Um, and then when we talk about automation, um, It’s amazing. If you do something that you can scale it. So, I’ll use an example of an attorney. He processed a loan closing and he had 14 people and he could handle about a thousand a month. We automated almost all the jobs and the workflow. And then when we turned on the marketing.
It was able to do, uh, close to 8,000 closings a month with the same amount of people.
Elias Crum: Wow. Well, that’s automation.
Sam Ovett: That’s
Josh Ovett: automation, automation. That’s
Sam Ovett: your
Elias Crum: vision? That’s your fishing on automation? So, automate, could you, well, maybe, maybe you could. Cute. Um, uh, explain what your exact vision on automation is, or maybe you have a, have a claim on it, or, uh, because to me, it sounds like you’re not only looking at marketing automation, but automating entire workflows and, and aim for success in an automated way and automate what you can basically.
Sam Ovett: That’s right. Josh, let me jump in on, this is, I think. Or don’t, they, there’s, there’s really two core areas where we want people to think about automating. One is automated where it saves you time, that you would otherwise have to do manually yourself or hire someone and pay someone to do. And that’s an opportunity to make it yourself more profitable.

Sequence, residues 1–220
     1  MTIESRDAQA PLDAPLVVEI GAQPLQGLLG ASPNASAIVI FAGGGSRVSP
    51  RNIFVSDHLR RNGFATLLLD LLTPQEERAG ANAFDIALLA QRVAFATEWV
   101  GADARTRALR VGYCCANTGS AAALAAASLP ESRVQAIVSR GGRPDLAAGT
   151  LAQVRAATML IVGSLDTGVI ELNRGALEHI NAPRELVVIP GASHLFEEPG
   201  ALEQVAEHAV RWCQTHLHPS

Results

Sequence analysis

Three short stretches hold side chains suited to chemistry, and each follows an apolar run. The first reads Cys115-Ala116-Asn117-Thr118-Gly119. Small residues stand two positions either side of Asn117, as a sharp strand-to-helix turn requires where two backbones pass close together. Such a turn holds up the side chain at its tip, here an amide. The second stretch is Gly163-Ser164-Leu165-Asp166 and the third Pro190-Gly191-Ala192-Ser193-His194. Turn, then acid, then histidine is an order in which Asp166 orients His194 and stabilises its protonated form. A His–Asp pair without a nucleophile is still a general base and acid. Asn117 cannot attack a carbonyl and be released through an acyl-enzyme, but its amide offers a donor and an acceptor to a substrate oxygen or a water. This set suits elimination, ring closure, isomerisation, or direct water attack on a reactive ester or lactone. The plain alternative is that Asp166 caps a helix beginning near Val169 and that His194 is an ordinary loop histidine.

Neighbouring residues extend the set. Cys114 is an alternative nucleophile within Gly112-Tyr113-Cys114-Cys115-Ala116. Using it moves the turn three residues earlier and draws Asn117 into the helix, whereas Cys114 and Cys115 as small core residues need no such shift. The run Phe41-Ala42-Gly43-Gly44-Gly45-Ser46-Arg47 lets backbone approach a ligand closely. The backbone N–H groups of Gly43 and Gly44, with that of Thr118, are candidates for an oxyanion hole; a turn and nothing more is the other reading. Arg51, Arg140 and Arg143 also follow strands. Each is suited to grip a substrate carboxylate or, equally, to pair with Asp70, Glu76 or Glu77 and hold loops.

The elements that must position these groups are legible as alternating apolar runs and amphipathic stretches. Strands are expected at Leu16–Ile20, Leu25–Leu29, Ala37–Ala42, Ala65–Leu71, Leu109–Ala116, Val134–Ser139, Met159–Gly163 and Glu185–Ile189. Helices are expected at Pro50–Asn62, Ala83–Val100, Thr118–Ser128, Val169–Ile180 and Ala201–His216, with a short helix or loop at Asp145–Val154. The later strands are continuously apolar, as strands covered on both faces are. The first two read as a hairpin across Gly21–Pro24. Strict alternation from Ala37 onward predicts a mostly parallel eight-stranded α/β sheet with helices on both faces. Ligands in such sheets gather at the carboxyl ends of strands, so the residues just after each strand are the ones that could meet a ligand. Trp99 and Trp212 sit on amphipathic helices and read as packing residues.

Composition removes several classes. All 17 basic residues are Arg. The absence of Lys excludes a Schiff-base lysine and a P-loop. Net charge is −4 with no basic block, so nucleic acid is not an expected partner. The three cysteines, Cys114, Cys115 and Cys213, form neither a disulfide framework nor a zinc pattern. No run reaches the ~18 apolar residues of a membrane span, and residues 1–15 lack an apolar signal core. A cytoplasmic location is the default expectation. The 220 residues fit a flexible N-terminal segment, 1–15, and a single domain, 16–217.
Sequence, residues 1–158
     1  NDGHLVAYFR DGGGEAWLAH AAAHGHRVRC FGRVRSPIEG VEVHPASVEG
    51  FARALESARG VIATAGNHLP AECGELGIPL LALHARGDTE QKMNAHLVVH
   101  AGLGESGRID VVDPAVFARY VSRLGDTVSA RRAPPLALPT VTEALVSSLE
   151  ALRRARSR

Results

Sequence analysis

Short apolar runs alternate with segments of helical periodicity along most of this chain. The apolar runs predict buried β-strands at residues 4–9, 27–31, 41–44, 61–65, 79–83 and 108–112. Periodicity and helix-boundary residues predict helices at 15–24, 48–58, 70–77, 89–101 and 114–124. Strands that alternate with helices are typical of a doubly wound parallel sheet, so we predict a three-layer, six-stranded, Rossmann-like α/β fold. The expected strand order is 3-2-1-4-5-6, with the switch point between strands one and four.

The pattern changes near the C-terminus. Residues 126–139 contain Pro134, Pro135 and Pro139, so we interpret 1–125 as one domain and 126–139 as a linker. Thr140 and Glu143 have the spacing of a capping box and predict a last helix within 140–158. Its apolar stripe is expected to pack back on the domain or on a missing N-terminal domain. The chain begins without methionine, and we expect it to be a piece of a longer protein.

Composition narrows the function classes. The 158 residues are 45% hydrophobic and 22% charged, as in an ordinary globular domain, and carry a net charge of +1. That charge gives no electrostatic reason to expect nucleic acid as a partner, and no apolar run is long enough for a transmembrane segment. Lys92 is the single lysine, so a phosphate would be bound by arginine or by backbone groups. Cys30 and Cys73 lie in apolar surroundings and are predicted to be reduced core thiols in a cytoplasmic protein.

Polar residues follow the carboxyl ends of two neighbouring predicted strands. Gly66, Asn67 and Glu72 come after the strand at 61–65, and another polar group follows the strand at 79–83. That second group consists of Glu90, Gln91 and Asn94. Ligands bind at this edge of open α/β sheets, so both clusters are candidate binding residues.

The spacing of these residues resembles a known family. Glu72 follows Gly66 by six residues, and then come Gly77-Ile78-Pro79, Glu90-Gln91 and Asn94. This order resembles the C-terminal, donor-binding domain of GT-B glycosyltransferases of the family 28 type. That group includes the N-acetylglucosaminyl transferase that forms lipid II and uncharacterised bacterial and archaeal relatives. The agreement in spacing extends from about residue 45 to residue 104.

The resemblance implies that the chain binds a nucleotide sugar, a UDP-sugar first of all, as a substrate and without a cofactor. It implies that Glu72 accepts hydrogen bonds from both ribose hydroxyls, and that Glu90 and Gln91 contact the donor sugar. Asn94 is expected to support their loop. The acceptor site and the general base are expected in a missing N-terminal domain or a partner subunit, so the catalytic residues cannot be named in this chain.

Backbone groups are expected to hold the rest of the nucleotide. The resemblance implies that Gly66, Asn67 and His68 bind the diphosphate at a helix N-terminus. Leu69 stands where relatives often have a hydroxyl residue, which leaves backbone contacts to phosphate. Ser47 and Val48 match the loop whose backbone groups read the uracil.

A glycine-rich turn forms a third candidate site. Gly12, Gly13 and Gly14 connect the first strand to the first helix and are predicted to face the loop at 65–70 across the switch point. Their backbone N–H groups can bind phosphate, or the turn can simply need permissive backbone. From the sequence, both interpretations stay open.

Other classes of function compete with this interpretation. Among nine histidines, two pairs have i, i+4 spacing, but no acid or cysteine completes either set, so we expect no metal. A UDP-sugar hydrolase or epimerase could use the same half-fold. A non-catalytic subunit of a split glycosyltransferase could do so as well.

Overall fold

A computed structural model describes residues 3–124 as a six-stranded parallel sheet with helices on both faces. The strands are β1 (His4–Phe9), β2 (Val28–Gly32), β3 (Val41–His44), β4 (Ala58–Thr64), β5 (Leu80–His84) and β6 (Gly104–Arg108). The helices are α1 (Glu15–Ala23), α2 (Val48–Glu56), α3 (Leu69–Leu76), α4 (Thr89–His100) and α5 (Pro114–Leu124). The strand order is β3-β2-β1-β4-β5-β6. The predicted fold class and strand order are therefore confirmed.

And then the other is use automation to do things. In the customer experience that would otherwise be nearly impossible to do as a human in terms of following up and being there for your customer at the relevant stage, in their experience consistently every time so that you can generate more revenue that way.
Does that make sense?
Elias Crum: Absolutely.
Sam Ovett: Absolutely. So that’s so save time or do things that are impossible to do as a human, so that. Able to make more revenue. And then by saving the human resources involved in all that goes on with it, you become more profitable.
Josh Ovett: So, here’s an interesting thing, and everybody can relate to this.
What is it like working, waking up every moment in entrepreneur. Okay. I mean, you think about that, you know, that’s like, that can be either really exciting or like what, you know, you’re trying to, you’re trying to tap down every issue that coming along every day. So, the idea here is if you can use automation.
To take care of things so that they don’t break. Um, I know that in my case, when I started, um, how I got involved with some of the Ontraport as well, I’m sure we’ll talk about, I had a SAS operation that we ran for many years and my assistant decided that she was gonna retire. And, um, yeah. You know, hard total package with benefits and everything else was close to six figures.